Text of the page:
Did you know you’ve probably pulled, stomped or sprayed a natural superfood that grows in your backyard? Dandelion is mostly known as a backyard weed, but it has amazing nutrient quality and health promoting properties.
All the parts of the dandelion plant can be used in various ways though the roots and leaves are the most commonly used as herbs.
According to Mountain Rose Herbs:
The leaves and root of the dandelion plant contain impressive levels of vitamins A, C, D, and B as well as minerals like iron, magnesium, zinc, potassium, manganese, copper, choline, calcium, boron, and silicon.
Though we often consider it a week in modern times, it has been used in virtually every area where it grows naturally as an herbal remedy and for promoting health. In fact, hundreds of years ago, it was used by various native cultures for supporting liver and gallbladder health.
Dandelion root and leaf are often listed as the ingredients of teas and poultices for abscesses and sores, especially on the breast and in female health remedies as they can help support lactation and remedy urinary issues.
Dandelion root is tougher and more hardy than the leaf and is often used in decoctions and tinctures for this reason. The powder is often added to coffee substitutes (my favorite is Dandy Blend). The root is considered a natural diuretic and is sometimes used for this purpose.
According to Mountain Rose Herbs:
Chopped dandelion root can be combined with myrrh to make a poultice for boils and abscesses, with honeysuckle flowers to make a tea to be drunk to treat boils and abscesses, with skullcap and/or chrysanthemum flowers to make a tea to be drunk to treat sore eyes, or with heal-all to treat hard phlegm in bronchitis. Can also be administered in capsule or extract form for convenience.
According to the How To Herb Book, this backyard superfood is:
- Supportive of healthy blood levels and may help purify the blood and support the body’s natural detoxification systems
- A good natural source of vitamins and minerals, especially calcium.
- A natural source of important compounds called nutritive salts that help the blood. Some theories suggest that a deficiency of these salts can lead to an imbalance that causes anemia.
- There are anecdotal reports of those with low blood pressure using dandelion to help restore energy.
- Dandelion has a long history of use for supporting the liver and the body’s natural process of detoxification. Evidence shows that it increases the activity of the liver and the flow of bile into the intestines.
- For this reason, some people with hepatitis take dandelion to help support their liver.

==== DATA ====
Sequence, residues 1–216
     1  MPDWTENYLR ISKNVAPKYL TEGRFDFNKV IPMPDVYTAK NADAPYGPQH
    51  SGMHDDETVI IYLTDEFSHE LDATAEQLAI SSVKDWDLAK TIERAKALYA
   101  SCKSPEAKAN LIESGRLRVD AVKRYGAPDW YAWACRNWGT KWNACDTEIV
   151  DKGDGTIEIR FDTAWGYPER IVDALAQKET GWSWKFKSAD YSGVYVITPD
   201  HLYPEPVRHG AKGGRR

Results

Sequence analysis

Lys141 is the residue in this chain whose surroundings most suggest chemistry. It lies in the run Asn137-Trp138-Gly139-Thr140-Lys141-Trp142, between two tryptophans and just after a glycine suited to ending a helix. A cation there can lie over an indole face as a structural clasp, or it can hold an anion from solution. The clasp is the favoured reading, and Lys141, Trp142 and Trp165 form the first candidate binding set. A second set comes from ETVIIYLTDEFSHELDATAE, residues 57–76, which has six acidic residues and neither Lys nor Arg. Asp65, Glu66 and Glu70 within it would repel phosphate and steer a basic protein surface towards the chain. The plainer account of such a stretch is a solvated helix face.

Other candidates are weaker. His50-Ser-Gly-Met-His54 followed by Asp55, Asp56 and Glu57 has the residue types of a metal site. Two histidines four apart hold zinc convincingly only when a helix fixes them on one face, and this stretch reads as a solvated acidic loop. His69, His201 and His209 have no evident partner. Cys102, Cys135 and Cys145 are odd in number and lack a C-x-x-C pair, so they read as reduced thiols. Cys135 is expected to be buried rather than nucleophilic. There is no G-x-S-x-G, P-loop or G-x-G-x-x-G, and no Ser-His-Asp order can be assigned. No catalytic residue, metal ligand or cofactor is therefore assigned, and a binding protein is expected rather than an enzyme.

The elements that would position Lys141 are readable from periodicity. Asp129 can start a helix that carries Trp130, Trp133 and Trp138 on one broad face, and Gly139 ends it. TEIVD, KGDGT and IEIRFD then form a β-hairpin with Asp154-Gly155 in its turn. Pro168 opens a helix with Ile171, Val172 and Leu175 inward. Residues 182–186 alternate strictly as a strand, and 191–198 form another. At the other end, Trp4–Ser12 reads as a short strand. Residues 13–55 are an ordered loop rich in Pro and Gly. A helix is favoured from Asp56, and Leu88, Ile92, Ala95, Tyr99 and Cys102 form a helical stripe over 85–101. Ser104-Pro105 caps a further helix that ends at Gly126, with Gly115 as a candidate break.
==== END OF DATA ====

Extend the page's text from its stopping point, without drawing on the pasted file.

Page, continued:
- These same supportive properties make it beneficial for the female organs and naturopaths often recommend supplements or teas that contain dandelion for helping balance hormones and reverse hormone related problems .
- Its effect on the blood and liver may also help it alleviate urinary problems. A friend of mine struggled with constant recurring urinary tract infections for years and a dietary change of removing sugar and adding in more plant foods including dandelion has helped her remain UTI free.
- Many people also notice improved skin from consuming dandelion, possibly because it supports the liver, which is tied to skin health.
The University of Maryland Medical Center also reports that:
Preliminary animal studies suggest that dandelion may help normalize blood sugar levels and lower total cholesterol and triglycerides while raising HDL (good) cholesterol in diabetic mice. Researchers need to see if dandelion will work in people. A few animal studies also suggest that dandelion might help fight inflammation.
The Many Ways to Use Dandelion
The entire dandelion plant can be used and if you have a safe (non-sprayed) source in your yard or community, you can consider harvesting it yourself.
The flower can be used to make tea and even to make some types of wine.
The leaves can be consumed fresh on a salad or in recipes as well as substituted for greens like kale and collards in recipes or cooking. The antioxidant rich leaves are the most diuretic part of the plant so while they can be consumed regularly, it is important to maintain hydration too.
The root may help improve digestion and relieve mild upset stomach, making it a great alternative to coffee for those who don’t tolerate it well.
It is important to check with a doctor before taking this or any herb, especially in large amounts or if taking any other medicine or supplement. Though it is generally considered safe, those allergic to ragweed, chrysanthemums, marigold, chamomile, yarrow, daisies, or iodine may not be able to consume it.
Ever used dandelion? How did you use it? Share below!